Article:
Why did you choose to go into veterinary nursing and what was your route in?
I was a photographer before becoming a vet nurse, but was unhappy in the job and thought nursing would suit me better.
I looked at both human and veterinary nursing, but realised I would be happier as a vet nurse. I worked in a factory until my student role came up and I have never looked back.
How long did you work in practice and why did you decide to work in education?
I always thought I would enjoy teaching, but thought I would wait a while after qualifying. However, I was really lucky because my training college asked me to do some teaching straight away.
I jumped at the chance because vet nurse education is my passion – I want to make practice training a better experience for students.
I combined practice work with lecturing for a while before I went into education full-time. Now, I go back into practice when I can, as I am a veterinary nurse first and foremost, but being at the coalface also helps ensure the teaching we offer within the academy truly adds value and is relevant to everyday life for veterinary nurses.
What is it about the education sector/being an educator that you love?
Being able to support students on their journey to becoming qualified RVNs. When I sign off their record of education before they register, it always gives me goosebumps, as I am so proud to see another RVN in the profession.
Some students didn’t have a great time in education at school (I know I didn’t) and it is a complete privilege to have some part in assisting them to become qualified.
What was your career path to becoming principal of the Dick White Academy?
I worked for two large colleges for a number of years, starting off as a lecturer before moving over to quality assurance.
I was head of centre, lead internal quality assurer and programme manager for both further education and higher education veterinary nursing courses for 10 years before I moved over to the Dick White Academy. It was an amazing opportunity and one I have not regretted for a moment.
What does that role entail and what does a typical day look like?
I don’t think I have a typical day; they are all varied, but always begin and end with trying to ensure the students – and clinical coaches who support them – feel happy, supported and are being offered a quality experience.
This could mean holding tutorials with students, visiting practices, quality assuring student work and, of course, looking after and supporting the amazing group of lecturers who work at the Dick White Academy.
If, at the end of the day, the students, practices, lecturers and clinical coaches are happy, I am happy, too.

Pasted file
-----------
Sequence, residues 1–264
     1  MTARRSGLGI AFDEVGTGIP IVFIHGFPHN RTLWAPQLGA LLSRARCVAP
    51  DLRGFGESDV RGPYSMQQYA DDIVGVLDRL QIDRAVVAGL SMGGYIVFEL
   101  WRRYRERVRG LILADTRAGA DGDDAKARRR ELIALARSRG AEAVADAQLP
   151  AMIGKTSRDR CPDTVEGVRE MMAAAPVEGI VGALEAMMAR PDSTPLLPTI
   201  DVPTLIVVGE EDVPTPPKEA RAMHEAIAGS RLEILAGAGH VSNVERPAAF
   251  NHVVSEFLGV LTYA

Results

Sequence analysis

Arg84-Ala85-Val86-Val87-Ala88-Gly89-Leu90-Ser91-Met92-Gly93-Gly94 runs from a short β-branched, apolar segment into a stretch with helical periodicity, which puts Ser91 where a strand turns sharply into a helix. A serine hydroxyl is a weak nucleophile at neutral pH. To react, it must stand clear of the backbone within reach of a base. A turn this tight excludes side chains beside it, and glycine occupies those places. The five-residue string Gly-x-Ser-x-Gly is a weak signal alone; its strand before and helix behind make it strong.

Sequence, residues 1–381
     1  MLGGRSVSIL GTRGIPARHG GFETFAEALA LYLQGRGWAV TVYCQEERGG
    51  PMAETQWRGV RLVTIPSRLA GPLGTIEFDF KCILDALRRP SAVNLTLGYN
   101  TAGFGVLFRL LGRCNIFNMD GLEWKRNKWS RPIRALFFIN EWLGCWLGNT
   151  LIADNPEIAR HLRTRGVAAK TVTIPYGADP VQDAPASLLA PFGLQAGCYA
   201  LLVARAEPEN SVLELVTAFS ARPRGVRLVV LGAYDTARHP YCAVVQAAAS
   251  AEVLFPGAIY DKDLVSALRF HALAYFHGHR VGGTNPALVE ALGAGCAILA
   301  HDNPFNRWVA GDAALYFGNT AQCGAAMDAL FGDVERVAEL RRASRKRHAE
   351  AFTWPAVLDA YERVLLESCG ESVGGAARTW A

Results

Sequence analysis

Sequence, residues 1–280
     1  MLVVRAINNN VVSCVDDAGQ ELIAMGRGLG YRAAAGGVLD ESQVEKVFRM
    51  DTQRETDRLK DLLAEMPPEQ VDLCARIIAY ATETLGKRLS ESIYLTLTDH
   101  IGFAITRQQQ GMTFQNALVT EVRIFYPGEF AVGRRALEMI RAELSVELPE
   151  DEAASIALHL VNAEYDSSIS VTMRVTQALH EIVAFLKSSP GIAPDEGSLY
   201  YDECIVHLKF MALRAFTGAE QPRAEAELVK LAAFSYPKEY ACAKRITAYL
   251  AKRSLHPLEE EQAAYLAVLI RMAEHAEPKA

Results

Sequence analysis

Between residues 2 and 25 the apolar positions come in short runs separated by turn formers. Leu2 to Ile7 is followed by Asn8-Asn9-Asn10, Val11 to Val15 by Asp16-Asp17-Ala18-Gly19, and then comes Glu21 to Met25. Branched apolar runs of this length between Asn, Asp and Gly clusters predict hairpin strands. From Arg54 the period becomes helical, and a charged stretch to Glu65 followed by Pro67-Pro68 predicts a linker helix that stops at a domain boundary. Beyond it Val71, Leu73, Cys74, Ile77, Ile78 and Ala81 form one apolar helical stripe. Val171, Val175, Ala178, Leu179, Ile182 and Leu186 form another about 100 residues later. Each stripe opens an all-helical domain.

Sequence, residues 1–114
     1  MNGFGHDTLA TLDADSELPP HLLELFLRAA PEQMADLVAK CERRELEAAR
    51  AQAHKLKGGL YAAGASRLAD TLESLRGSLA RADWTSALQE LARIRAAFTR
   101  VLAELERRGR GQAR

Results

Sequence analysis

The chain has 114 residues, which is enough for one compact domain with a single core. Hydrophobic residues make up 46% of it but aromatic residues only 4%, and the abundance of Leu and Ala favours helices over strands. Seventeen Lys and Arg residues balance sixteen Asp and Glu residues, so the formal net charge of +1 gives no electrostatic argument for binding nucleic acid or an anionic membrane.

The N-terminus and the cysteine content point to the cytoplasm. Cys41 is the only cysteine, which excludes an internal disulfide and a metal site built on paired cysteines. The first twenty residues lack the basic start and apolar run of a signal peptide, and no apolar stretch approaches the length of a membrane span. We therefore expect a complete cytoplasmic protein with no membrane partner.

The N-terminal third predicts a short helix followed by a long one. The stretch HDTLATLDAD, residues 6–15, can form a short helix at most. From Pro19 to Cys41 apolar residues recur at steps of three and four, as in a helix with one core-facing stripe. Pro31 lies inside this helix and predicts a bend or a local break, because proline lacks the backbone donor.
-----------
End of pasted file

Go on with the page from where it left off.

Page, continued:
What do you hope to achieve while you are principal of the Dick White Academy?
I want to have helped provide nurses with a supportive study environment, which gives them access to quality education – a place where we look after their mental health and well-being as much as we look after their studies.
I want to qualify nurses who are happy, competent and resilient to the ups and downs of practice life. I would also like to raise the profile of having level two qualification holders in practice. These colleagues can be overlooked and this shouldn’t be the case; education is very empowering and we need to look after everyone who works in practice.
What is the most challenging aspect of being an OSCE examiner? When a student fails by one mark, for example – that must be hard?
As an OSCE examiner, we do not know if the students have passed or failed – we are there to see if they have carried out the steps. We do get a feeling for their performance, but they sit at a number of stations and we do not discuss an individual’s performance with other examiners.
Examining the same task for three or four days can be tiring, but the examiners have a duty to their students to treat each new candidate in their station as if he or she is the only person they have examined that day. It is a big opportunity for the students, and the examiners should be cheering them on inside.
What advice or feedback do you have for students who may be struggling to pass their OSCEs?
I would encourage them to flip their thinking around: rather than feeling nervous and anxious about the process, approach it as if it is their right to show the examiners exactly how fabulous they are at the tasks.
By the time students are sitting their OSCEs, they have done all of the tasks many times in practice over the years. The examiners want them to pass. A student should talk this through with his or her centre; once the mindset is right, he or she will pass.
You were recently appointed the UK’s only technical external quality assurer for vet nursing for City and Guilds – what does it feel like to hold such a position?
Amazing. I was so proud to be asked and really enjoy this area of work. I enjoy working with other centres that want the same things as I do – well-qualified and happy RVNs.
How do you hope to help address the veterinary nurse recruitment and retention shortage via this role?
That is a big question. I think practices need to feel supported when they are training nurses, so it is important to maintain good relationships between them.
If we can make the entire experience a positive one for all participants then it will hopefully encourage more practices to train student nurses.
Do you have any advice for veterinary nurses thinking of working in the educational sector?
Give it a try first: lots of colleges would love you to be a guest lecturer for a couple of sessions.
Also, be aware of your motivation to leave practice life. As a lecturer, the role is no easier than being in practice – it is just different.